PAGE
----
A man and a woman come racing out of a farmhouse, running for their lives. The woman is disabled by a shot to the back and the man disappears into the treeline. The shooters can finish the woman off with a clean blow to the head. Instead, they dig a can of gasoline out of the trunk of their car and set the woman on fire. The reason for their cruelty will become apparent later in the movie… sort of.
Sometime later, the deputy spots the man stumbling out of the woods. After getting the man to the local hospital, the building is surrounded, Assault on Precinct 13 style, by masked cultists, each brandishing a giant hunting knife. The shooters from the beginning of the movie show up, further complicating matters, though not as much as the Thing-like monsters lurking in the shadows.
Lord of Illusions, one of my favorite horror movies of the 90s, has this fantastic scene in which the villain grabs another character’s head and sinks his fingers into his brain with supernatural ease. That’s kinda what the cosmic entities in The Void do: they don’t just deal in body horror, of which you’ll see plenty, but they also get into your head and rattle around in there, seriously fucking up your day. This is a dizzying, disorienting, and not fully coherent movie about people going truly insane.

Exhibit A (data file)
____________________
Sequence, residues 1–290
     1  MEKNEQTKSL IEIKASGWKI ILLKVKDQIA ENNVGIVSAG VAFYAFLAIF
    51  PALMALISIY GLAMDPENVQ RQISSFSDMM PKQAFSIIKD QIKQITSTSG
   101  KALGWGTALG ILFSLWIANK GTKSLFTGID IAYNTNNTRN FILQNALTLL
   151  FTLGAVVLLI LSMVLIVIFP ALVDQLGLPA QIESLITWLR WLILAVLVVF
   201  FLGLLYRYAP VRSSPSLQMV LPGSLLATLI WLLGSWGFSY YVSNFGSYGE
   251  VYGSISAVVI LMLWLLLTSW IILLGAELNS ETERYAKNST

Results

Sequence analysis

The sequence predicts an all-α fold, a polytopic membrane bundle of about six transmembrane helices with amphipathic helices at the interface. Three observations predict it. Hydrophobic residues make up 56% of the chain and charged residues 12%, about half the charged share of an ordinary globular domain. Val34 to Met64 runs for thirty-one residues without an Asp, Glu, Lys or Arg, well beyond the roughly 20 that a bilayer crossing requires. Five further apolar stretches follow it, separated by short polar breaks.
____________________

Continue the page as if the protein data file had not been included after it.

The reason it works is because these characters start out entirely sane, sincerely likable, and down-to-earth. Too many horror movies concoct stupid excuses for their characters doing stupid things. I’ve seen other fans of the genre reason that people do stupid things in stressful situations. Maybe. But it gets boring… hell, it’s been boring for decades.
The Void thinks so, too. The main character doesn’t want to use his gun, but he’s not afraid to use it, either. Other characters have a tendency to keep their cool, that is until the living nightmare escalates to epic levels of mind-fuckery. The vaguely explained plot, which turns out to hinge on some pretty major coincidences, makes less and less sense the more you poke at it, but the ride is too thrilling to notice the holes until it’s over.
I really liked this movie. However, whereas I think I might appreciate Split more on additional viewings, I think I might like this one a little less in the future. I don’t know. Maybe I’m wrong and an additional viewing will actually answer a lot of the questions I have.
The first viewing, however, is a great ride any which way you slice it. These characters aren’t stupid, the acting is good, and you’ll see some seriously messed up shit.